City Mulls C-Store Liquor-License Ban

Alleges stores are magnets for loitering, fighting, other crimes

MOBILE, Ala. -- Responding to pressure from residents opposed to the proliferation of convenience stores that build their business around the sales of beer and wine, the Prichard, Ala., City Council is considering a moratorium on certain alcohol licenses, according to a report in the Press-Register.

Council members voted this month to have their attorney explore the legality of a temporary halt to the issuance of new and transferred off-site beer and wine licenses.

In Prichard’s grittier neighborhoods, as in struggling communities across Alabama, corner stores do a brisk trade in single beers and "Rosy with a skirt," slang for Wild Irish Rose, a down-market wine, sold in a paper sack.

Convenience-store owners say those sales are a vital part of their business plan, and that they wouldn’t be able to turn a profit but for the alcohol trade.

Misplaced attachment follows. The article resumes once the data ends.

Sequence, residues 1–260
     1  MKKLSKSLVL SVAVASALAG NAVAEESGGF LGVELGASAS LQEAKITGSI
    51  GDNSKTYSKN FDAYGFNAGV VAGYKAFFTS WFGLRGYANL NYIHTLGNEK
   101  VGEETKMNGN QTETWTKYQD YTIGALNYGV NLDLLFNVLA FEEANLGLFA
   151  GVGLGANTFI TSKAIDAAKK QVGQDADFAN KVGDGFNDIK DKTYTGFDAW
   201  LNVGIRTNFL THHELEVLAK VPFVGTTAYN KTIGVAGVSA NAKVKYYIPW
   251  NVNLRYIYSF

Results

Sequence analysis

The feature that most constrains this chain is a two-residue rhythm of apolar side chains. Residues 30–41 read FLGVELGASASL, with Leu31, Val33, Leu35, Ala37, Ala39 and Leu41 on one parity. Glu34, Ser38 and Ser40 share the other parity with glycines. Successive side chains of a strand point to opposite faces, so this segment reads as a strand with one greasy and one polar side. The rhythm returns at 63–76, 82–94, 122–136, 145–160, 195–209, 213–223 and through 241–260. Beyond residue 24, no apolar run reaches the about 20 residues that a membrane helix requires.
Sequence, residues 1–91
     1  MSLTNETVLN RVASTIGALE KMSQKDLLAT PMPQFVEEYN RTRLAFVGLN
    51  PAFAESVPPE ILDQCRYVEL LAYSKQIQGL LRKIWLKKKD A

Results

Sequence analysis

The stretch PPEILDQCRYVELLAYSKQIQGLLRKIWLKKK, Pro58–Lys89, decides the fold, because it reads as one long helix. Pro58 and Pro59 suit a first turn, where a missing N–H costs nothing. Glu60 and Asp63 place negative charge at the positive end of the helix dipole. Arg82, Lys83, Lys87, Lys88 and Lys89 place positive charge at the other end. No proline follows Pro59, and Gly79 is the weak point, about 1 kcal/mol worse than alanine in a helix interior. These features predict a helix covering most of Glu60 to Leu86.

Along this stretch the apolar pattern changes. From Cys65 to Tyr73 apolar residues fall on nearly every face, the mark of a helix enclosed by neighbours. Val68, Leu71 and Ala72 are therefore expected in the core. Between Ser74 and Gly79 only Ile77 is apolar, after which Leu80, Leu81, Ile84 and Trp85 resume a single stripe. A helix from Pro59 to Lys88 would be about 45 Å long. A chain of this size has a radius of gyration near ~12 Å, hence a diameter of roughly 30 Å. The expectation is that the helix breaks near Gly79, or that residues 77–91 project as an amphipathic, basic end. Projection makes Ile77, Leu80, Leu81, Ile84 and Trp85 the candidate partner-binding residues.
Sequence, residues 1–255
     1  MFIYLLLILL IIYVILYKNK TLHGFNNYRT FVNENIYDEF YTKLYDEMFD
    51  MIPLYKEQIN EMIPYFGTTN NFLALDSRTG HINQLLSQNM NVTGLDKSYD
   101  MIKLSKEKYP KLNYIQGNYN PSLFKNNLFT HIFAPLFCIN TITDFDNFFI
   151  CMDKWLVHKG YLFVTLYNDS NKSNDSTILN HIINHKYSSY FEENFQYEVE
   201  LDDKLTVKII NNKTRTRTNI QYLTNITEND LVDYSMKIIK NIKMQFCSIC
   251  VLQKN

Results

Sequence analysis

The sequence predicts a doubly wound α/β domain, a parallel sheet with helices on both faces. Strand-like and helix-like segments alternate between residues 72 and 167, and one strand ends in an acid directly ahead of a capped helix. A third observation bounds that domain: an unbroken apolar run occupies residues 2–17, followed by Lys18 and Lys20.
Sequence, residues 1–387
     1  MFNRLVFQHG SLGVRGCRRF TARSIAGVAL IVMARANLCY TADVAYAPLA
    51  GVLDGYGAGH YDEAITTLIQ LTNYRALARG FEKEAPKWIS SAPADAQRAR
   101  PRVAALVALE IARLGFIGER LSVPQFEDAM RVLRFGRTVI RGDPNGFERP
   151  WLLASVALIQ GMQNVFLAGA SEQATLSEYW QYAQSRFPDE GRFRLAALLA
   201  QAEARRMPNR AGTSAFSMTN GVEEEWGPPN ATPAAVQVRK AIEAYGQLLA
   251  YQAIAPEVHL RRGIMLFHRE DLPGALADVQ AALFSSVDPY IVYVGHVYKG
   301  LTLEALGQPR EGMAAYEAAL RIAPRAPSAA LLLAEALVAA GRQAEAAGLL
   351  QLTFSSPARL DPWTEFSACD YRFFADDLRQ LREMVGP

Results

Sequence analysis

The stores are also important to the city’s financial viability.

Convenience stores with gasoline stations have accounted for 10.6% of sales tax revenue in the city since the beginning of the fiscal year, Rex Williams, the finance director, told the newspaper. Smaller convenience stores that operate without selling gas, which the city lumps in with grocery stores, were not included in that figure, so the total share of sales tax provided by convenience stores is probably slightly higher, he said.

Some residents, though, say that the convenience stores cause more problems than they are worth, and criticize them as magnets for loitering, fights, public urination and even more serious crimes, such as prostitution and drug sales.

The United Concerned Citizens of Prichard, a community action group, has recently shown organized opposition to new licenses and license transfers during hearings that the City Council holds before recommending any licensee for approval, according to the report.

By allowing more convenience stores to come in, the council is "feeding into our weakness instead of recognizing the weakness," Severia Campbell Morris, a founder of the group, said during a recent hearing. "We are pleading to the City Council to take a stand on this. There are some things we can't control, but what you can control, you should control."

Mayor Ron Davis said he opposes a moratorium.